also hope to influence the direction of microstructure research towards greater analysis of

1 For example, the market structure may greatly influence the volatility of asset prices. If investors react to volatility in predictably biased ways, then the microstructure may be an important determinant of these effects.

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the linkages of microstructure and fundamental economic variables. To do so, we will try

to highlight what is known and not known about the effect of microstructure variables on

short-run and long-run asset price behavior. The paper’s final section will then

summarize what issues remain contentious, and provide some guidance for future

research in this area.

2. Equilibrium Asset Pricing

A useful starting point for our analysis is the standard explanation for asset price

behavior (see, for example, Cochrane (2001)). The basic result is that the price of an

asset at date t is the expectation at t of the return on the asset at t+1 times a stochastic

discount factor. In the consumption-based capital asset pricing approach (in which

rational individuals choose asset holdings to maximize their expected utility of

consumption over time) this stochastic discount factor is the discounted ratio of marginal

utility of consumption at t+1 to marginal utility of consumption at t.

From this basic pricing equation follows the two principles that much of the

literature examines. First, idiosyncratic risk should not be priced. The price of an asset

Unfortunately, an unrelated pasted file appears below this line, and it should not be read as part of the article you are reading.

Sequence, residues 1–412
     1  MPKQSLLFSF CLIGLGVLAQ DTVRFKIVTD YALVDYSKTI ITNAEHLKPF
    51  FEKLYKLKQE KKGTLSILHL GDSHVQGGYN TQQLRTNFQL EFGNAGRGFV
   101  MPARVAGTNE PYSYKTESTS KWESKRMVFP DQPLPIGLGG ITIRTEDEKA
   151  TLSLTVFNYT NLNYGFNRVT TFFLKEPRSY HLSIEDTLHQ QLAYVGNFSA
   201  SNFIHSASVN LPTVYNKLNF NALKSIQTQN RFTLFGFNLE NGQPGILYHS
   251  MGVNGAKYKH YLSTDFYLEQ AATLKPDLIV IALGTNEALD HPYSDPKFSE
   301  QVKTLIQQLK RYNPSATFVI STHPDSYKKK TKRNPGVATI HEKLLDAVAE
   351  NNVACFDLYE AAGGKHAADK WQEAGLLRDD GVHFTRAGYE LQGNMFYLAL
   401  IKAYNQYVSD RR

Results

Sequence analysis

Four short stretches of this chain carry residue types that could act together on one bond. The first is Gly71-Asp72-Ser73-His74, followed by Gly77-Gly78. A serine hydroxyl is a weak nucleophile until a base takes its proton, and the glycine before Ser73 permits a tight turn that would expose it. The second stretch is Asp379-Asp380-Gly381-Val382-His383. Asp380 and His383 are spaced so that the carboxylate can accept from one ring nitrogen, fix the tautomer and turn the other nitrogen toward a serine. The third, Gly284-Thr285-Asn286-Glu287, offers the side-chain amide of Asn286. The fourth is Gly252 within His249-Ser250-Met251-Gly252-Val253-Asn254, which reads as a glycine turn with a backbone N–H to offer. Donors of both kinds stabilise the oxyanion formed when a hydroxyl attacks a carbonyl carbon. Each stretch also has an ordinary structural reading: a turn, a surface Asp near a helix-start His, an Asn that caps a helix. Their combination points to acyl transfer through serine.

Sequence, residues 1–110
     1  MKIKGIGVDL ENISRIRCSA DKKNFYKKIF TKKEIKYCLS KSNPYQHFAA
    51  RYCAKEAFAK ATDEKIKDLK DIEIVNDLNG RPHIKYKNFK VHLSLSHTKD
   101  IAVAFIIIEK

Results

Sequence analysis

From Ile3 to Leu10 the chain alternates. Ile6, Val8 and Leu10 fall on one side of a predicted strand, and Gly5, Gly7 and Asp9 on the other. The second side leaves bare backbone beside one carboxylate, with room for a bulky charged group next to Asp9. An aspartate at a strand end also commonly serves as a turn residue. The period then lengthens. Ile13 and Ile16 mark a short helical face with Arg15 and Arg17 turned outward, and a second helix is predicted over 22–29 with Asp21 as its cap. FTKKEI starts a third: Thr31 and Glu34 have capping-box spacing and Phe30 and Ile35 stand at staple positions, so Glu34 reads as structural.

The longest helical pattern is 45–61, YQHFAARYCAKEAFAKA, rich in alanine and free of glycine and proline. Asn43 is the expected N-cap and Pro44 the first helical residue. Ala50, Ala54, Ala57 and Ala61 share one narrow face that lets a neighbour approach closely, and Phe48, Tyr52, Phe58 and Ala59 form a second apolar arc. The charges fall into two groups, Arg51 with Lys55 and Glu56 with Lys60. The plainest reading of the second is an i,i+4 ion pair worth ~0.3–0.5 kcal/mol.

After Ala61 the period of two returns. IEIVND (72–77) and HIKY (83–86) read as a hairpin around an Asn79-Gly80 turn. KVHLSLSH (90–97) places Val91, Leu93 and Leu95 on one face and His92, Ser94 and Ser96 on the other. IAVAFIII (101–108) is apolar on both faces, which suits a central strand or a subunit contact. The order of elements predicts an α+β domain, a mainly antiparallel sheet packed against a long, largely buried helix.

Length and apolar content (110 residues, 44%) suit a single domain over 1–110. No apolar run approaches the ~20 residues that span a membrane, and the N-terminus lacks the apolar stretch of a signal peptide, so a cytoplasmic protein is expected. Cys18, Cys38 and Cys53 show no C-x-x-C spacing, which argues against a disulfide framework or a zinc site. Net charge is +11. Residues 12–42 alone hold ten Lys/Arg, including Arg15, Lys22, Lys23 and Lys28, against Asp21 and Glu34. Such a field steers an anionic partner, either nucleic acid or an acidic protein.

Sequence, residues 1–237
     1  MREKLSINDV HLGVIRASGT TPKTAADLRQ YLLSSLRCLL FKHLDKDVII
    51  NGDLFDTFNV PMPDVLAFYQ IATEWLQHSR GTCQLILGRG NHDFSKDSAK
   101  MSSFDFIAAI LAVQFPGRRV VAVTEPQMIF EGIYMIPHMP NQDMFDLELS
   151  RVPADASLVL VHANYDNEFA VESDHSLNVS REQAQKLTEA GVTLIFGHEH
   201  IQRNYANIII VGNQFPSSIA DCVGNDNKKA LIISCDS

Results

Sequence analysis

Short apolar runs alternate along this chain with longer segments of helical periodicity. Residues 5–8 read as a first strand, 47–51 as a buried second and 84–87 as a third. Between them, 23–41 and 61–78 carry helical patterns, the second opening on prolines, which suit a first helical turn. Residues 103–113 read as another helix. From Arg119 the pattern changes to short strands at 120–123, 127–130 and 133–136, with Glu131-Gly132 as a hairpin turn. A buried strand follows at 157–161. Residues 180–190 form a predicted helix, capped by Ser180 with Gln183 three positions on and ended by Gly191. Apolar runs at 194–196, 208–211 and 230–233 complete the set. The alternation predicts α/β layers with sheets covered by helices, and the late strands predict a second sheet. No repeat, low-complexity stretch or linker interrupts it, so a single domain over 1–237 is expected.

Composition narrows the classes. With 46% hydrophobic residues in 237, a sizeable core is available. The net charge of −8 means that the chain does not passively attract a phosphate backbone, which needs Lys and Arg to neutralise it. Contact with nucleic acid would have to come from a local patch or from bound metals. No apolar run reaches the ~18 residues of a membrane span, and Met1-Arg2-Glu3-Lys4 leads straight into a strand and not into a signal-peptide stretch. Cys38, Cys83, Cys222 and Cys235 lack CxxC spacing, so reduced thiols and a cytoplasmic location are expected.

is its expected payoff discounted by the risk free rate plus the covariance of its payoff

with the stochastic discount factor. If this covariance is zero there is no adjustment in

price for the risk in the asset’s payoff; or more generally, if the payoff on the asset is

correlated with the market only the correlation is priced and any idiosyncratic risk is not

priced.

Second, viewing the return on an asset as its dividend plus its future price, it

follows from the basic equation that asset prices net of dividends follow martingales.

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The distribution used in computing the expectation is the original distribution of payoffs

transformed by the stochastic discount factor. This is simply the risk neutral probability

measure. In the case in which individuals are risk neutral, or there is no aggregate risk,

and discounting is ignored, or included in a drift term, this reduces to the random walk

hypothesis for prices. This has the important implication that asset prices are not

predictable in the sense that simple trading strategies based on past price behavior cannot

be profitable. From this standard asset pricing point of view, regardless of how asset

prices are actually attained in the economy, an asset’s risk and return can be analyzed

from the underlying decision problems confronting agents in the economy.

This simple story, or a variant of it, has proved a useful construct for countless

economic analyses of asset prices. Unfortunately, the elegance of this story may be

deceptive. Asset price dynamics are much more complex than this characterization

allows. Individuals can face substantial transaction costs in buying and selling securities,

and these costs can influence their demand for and supply of securities.2 Price

adjustments may be complicated by market maker’s inventory positions, by price

discreteness, or even by exchange price continuity rules. The informativeness of asset

prices is complicated by the existence of private information that transforms securities

trading from a simple transaction into a strategic game between traders. This

transformation also imparts importance to other market data such as volume, trade size,

and the timing of trade, as each of these variables can be informative of future security

price movements. These difficulties raise the specter that equilibrium in asset prices is